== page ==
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Home / Sports / Tokyo Olympics: Manika Batra’s coach Sanmay Paranjape rues on-court absence

Tokyo Olympics: Manika Batra’s coach Sanmay Paranjape rues on-court absence

She did not have national coach Soumyadeep Roy in the corner and that had raised quite a few eyebrows
Manika Batra during her round 3 match against Austria’s Sofia Polcanova in Tokyo on Monday.

Angshuman Roy   |   Calcutta   |   Published 27.07.21, 03:09 AM

Manika Batra’s personal coach Sanmay Paranjape said on Monday that had he been allowed to sit in the corner, the star table tennis player might have performed better against Austrian 10th seed Sofia Polcanova.

Manika, who made a great comeback against world No. 32 Margaryta Pesotska on Sunday, failed to repeat her performance and bowed out of the Tokyo Olympics, losing 0-4 (11-8, 11-2, 11-5, and 11-7).

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“I could not do much watching from the stands. I managed to give some hand instructions. That’s all. What else could I have done? Her rival was much higher-ranked but Manika in the past had beaten players who have better rankings,” Paranjape told The Telegraph from Tokyo.

Manika did not have national coach Soumyadeep Roy in the corner and that had raised quite a few eyebrows.

“There is no controversy in that. We respect Royda for all the good things he has done for Indian table tennis. It’s the comfort level a player shares with the coach,” the 28-year-old said.

“I can tell you what a coach can do during matches. Suppose the match is poised at 6-7. A pep talk can help the paddler to win three points and make it 9-7. But if the coach is not allowed then the player can lose three and the score becomes 10-6,” he added.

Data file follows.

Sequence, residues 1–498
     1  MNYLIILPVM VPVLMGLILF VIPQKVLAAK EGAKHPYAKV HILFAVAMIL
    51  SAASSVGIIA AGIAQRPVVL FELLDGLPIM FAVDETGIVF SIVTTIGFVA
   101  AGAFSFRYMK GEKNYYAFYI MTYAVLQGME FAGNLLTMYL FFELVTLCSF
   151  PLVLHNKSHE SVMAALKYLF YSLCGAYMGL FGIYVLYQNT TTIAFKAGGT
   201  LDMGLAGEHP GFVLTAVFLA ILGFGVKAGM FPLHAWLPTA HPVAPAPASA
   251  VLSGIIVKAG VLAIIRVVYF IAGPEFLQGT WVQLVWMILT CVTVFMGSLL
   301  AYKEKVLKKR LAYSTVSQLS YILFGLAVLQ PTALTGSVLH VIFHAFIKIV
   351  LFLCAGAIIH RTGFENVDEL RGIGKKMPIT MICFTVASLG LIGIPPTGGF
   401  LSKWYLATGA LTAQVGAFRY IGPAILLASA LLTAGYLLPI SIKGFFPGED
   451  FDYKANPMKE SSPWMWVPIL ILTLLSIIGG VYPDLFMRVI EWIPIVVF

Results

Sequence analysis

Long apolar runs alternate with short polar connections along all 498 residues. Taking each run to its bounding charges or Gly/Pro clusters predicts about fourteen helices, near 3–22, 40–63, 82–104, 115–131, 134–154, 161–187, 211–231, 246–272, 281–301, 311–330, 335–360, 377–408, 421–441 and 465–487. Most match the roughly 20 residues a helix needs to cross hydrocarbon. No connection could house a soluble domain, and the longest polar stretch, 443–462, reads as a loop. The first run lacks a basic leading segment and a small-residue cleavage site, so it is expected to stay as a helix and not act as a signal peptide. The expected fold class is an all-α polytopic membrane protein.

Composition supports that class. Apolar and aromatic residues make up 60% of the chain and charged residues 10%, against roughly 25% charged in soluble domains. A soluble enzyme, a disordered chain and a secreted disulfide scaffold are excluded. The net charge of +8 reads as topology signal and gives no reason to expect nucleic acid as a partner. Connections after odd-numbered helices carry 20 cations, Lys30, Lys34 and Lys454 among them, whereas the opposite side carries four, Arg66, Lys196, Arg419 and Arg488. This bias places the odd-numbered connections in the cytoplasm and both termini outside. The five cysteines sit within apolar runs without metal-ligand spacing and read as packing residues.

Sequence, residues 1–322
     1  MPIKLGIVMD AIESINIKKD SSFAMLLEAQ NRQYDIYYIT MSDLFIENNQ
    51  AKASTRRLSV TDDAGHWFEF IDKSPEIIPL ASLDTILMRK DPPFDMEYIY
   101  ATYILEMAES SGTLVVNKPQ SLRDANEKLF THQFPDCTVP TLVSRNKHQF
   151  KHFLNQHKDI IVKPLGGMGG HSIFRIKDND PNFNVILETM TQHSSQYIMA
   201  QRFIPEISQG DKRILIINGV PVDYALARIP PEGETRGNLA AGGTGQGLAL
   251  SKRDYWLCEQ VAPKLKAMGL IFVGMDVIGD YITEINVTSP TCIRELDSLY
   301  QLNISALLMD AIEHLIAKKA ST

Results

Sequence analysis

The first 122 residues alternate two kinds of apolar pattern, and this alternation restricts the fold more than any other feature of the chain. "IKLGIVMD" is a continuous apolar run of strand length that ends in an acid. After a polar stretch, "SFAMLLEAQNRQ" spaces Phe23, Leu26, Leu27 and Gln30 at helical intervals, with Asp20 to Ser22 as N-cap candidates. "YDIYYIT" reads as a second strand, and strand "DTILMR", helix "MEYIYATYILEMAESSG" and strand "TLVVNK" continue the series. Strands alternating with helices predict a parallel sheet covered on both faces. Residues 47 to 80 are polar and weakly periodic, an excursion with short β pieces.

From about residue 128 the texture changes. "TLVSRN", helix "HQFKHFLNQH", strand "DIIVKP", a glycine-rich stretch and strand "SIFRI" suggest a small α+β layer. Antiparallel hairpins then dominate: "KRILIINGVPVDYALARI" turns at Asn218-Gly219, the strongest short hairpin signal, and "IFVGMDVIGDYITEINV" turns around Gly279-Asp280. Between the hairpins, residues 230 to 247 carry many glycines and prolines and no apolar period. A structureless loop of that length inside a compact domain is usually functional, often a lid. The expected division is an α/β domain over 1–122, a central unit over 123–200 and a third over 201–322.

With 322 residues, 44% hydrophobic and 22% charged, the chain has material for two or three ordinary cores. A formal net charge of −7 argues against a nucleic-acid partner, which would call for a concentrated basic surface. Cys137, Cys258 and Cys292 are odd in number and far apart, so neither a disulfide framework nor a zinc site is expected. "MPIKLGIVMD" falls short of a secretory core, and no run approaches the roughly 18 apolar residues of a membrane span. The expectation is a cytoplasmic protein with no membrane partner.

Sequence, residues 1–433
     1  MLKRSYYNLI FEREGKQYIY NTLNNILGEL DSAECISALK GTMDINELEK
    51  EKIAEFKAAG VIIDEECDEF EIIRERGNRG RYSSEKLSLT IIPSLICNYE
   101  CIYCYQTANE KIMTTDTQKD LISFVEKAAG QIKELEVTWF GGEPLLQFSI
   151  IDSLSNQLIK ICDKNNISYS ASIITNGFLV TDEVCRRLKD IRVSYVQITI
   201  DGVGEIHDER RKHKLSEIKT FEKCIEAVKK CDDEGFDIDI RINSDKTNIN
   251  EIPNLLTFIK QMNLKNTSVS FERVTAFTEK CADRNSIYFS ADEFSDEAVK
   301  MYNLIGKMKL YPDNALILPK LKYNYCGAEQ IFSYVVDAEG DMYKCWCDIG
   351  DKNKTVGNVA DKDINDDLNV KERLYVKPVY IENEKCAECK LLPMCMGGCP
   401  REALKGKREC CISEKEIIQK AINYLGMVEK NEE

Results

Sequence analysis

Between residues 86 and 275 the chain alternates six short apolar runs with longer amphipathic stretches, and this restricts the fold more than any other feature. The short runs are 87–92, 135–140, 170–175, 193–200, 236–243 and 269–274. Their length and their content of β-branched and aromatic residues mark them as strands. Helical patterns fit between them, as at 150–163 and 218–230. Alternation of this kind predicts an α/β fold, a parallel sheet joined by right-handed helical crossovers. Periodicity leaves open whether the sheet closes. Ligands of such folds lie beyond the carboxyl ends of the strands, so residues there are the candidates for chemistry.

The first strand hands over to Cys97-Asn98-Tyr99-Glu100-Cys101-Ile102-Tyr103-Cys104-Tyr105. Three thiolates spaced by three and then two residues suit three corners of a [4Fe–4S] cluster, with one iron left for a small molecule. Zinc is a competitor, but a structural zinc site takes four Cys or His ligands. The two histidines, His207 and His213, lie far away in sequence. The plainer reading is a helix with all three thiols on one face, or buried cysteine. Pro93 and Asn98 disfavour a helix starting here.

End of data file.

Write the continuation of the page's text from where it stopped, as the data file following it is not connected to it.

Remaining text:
According to Paranjape, during the mixed doubles match on Saturday, which Sharath Kamal and Manika lost to the No. 3 seed pair from Taiwan, Soumyadeep was in the corner.

“Royda was offering tips to Sharath and Manika. She didn’t say anything. Manika asked for my presence during her singles matches. What’s the harm in that? The narrative has been changed by some people to suit their needs.

“Manika did not ask for the moon. She never said she would not work with Royda. See, even during the qualification and ranking tournaments I was there when Manika played the singles matches. I was part of her journey to Tokyo.”

Paranjape was allowed access to the practice venue and he asserted that both Manika and he were thankful to the Indian Olympic Association (IOA) for that. “We are thankful to the IOA for that. If I weren’t there in Tokyo, Manika would have lost in Round I itself. I can vouch for that.

“And also people are saying she wanted me to stay at the Games Village. That’s wrong. Even in Rio her erstwhile coach (Sandeep Gupta) did not get access to the Village. Do you think she is that naïve to ask for my Village stay, that too during the pandemic?” he said.

Arun Banerjee, Table Tennis Federation of India secretary, said the federation went by the book.

“Due to Covid-19, the rule was only 33 per cent of the total number of paddlers travelling would be coaches and support staff. Soumyadeep is the coach and a manager is also needed for administrative work. How could we accommodate a personal coach?” Banerjee said from Tokyo.

Off-colour Sutirtha

Sutirtha Mukherjee lost her second-round match to Portugal’s Yu Fu in straight games, 3-11, 3-11, 5-11, 5-11 in a 23-minute affair.  



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